The bike consisted of two loops, the first of which, I was just trying to warm up! Lake Erie is a cool lake with 67 degree water temps. After catching up to third place, I knew I was at least able to get my pro card if I could hold that position. Every bump in the road hurt the wrist, but that took my mind off my burning legs! I did not get my race split yet, but had 1:02:13 from my bike for 25 miles. Pretty solid split for some hills. Wanted to go faster, but can't complain.

The run went great. I knew there was only a 10k separating me from officially being a PRO. I took off hard to try and bridge up to the leaders (over 2 minutes ahead). While I put time into their lead, I never caught them despite a close to 32 minute run split. They had great races too!

After the race, I was able to talk with Barb Lindquist and watch the pro ITU races going on during the afternoon. I plan to race the Myrtle Beach ITU pan am cup October 9th as long as everything goes smoothly signing up through ITU entries. I learned a lot from watching the pros that day, and honestly cant wait to get a crack at draft legal racing!

The top three overall. All of us college athletes before turning to Triathlon. Big props to Barb Lindquist for her collegiate recruitment program!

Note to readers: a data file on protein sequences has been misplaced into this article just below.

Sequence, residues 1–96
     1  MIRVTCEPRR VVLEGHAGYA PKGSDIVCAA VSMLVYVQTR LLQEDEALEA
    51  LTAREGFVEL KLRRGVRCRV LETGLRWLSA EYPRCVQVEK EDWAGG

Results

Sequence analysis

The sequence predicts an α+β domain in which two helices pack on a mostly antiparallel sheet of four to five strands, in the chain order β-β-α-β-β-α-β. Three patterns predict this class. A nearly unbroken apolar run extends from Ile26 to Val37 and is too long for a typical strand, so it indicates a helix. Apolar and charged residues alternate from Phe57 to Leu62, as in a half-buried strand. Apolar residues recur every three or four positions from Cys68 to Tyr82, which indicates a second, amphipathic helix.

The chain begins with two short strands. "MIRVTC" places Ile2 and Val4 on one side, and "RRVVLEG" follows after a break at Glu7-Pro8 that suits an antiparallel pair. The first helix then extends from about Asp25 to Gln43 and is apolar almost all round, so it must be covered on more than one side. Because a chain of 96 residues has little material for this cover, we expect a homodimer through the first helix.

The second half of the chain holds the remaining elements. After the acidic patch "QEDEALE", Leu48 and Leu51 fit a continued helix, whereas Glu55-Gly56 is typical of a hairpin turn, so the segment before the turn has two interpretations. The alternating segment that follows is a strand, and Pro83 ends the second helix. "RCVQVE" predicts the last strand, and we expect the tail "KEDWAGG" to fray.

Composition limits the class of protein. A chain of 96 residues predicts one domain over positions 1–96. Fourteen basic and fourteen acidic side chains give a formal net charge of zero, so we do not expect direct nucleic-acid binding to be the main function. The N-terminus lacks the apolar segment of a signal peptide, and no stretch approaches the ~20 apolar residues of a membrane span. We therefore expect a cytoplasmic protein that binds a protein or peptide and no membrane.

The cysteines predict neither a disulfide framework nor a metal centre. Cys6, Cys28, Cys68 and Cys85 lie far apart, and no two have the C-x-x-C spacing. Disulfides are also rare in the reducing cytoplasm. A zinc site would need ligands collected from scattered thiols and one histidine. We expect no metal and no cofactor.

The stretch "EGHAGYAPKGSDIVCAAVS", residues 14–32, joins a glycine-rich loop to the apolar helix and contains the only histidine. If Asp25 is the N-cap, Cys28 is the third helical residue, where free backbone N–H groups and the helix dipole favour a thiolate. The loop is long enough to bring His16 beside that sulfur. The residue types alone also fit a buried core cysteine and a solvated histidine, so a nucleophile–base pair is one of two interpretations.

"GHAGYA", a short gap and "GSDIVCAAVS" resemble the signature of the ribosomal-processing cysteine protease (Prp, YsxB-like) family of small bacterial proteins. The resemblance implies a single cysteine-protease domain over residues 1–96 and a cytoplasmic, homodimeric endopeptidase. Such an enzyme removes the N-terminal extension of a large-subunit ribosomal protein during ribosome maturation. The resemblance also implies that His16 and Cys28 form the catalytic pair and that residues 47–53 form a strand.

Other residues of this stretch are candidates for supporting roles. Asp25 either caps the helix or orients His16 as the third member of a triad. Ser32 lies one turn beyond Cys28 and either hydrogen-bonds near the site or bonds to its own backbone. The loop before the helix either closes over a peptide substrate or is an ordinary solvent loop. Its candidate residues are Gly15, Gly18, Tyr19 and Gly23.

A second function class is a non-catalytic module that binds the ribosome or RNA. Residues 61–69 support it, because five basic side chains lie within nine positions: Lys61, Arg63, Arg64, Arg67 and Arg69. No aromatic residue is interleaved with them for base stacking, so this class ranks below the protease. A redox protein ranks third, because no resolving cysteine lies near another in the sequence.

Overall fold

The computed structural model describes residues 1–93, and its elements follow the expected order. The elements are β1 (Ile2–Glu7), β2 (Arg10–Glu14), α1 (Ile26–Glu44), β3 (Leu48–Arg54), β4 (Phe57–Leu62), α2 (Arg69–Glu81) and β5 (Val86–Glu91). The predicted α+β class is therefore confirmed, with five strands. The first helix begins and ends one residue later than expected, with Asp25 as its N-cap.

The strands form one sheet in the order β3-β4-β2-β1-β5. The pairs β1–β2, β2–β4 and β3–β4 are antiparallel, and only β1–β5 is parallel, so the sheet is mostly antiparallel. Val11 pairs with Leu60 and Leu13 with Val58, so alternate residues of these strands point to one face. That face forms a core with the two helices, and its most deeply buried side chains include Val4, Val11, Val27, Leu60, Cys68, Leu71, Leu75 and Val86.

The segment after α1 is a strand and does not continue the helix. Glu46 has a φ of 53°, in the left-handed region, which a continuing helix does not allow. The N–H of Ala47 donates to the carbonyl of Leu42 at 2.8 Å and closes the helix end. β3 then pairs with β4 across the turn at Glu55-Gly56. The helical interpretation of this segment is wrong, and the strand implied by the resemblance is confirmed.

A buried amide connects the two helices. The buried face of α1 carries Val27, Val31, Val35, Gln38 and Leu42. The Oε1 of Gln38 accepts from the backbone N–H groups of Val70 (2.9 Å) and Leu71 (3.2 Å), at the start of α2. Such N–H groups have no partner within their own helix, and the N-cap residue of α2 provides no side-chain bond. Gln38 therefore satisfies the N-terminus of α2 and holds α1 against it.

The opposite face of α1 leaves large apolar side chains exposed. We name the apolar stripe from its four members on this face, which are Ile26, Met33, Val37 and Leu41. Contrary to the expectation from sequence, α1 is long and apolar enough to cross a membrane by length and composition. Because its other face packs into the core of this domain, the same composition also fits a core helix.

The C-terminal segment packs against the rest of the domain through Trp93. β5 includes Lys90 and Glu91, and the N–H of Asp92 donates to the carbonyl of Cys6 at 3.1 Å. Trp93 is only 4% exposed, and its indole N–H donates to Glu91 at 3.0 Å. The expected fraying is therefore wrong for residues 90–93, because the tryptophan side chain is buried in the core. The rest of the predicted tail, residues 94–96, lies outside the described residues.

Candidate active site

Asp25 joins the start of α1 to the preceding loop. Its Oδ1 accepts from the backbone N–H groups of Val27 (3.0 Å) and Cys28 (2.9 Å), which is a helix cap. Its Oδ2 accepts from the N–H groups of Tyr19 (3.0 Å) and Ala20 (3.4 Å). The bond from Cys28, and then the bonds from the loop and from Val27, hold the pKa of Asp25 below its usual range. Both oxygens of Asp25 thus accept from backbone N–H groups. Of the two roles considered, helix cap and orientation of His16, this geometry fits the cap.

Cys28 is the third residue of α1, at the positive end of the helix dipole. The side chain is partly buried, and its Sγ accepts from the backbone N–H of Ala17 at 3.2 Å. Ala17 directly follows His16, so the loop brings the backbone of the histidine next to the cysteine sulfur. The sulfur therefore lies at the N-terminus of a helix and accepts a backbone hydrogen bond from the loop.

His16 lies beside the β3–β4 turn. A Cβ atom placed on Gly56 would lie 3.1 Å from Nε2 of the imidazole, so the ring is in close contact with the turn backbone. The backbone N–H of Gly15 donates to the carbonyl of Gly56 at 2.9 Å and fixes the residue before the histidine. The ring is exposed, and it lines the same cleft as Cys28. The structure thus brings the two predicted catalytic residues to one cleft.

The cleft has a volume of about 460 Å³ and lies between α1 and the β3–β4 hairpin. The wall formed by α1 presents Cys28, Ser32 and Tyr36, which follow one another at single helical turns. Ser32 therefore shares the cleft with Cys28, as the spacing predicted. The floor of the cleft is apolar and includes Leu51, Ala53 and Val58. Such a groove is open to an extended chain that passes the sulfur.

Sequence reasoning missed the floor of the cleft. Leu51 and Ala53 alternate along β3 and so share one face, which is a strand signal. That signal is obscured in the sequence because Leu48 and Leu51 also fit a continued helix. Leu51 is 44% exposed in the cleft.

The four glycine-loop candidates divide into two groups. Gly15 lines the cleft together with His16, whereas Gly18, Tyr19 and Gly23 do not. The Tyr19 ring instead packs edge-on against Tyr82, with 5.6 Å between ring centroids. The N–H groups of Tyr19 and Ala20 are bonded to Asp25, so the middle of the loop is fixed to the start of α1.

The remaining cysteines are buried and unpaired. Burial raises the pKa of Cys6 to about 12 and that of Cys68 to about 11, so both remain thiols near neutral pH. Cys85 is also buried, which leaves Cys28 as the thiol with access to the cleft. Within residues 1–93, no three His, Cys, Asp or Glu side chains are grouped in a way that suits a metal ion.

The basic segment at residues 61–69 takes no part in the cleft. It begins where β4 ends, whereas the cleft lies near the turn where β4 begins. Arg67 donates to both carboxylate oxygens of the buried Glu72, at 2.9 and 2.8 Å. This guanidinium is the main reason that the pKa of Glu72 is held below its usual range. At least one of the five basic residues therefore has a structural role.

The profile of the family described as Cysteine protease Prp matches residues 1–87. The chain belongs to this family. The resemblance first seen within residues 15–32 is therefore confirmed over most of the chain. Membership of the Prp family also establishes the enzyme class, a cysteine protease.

Wednesday, September 21, 2011

Little molehills!

So this last week has been an interesting week for me. It all started on Saturday, September 16th with the University of Delaware XC meet. I do love running XC, so I was excited to have a chance to run a good race against some good competition from Ole Miss and George Mason. The 8k at UD is extremely hills, rocky, and this particular day it was very muddy and wet. Perfect XC conditions! The course is a big loop and a small loop each with a 250 meter hill at about 30% grade. It is ridiculous. This hill is honestly comparable to the incline in Colorado Springs, CO. The race went out slower than I thought at only 5:01 at the mile (the only flat ish part of the course). After the huge hill, I got into the lead pack of three guys. One kenyan from Ole Miss (8:40 steepler) and a Mason runner who was 30:45 for 10k last spring. I rolled with them until the second huge hill, where I got gapped. I mostly attribute this to the lack of hill training I've been doing. Finished the race in 6th overall in 26:10. For this course, that's perfect. At the same meet last year (when I was only training for XC) I ran 26:09. After the race, I noticed that my 4th metatarsal was hurting from a spike that has evolved through the plate. I did not think much of it during the cool down, but the next morning, when I woke up at 4:30 to get ready for a sprint tri to help out Brick's Multisport, I realized my foot was really hurting. I did not want to let Brick's down, but I had to scratch out of the race and let it heal.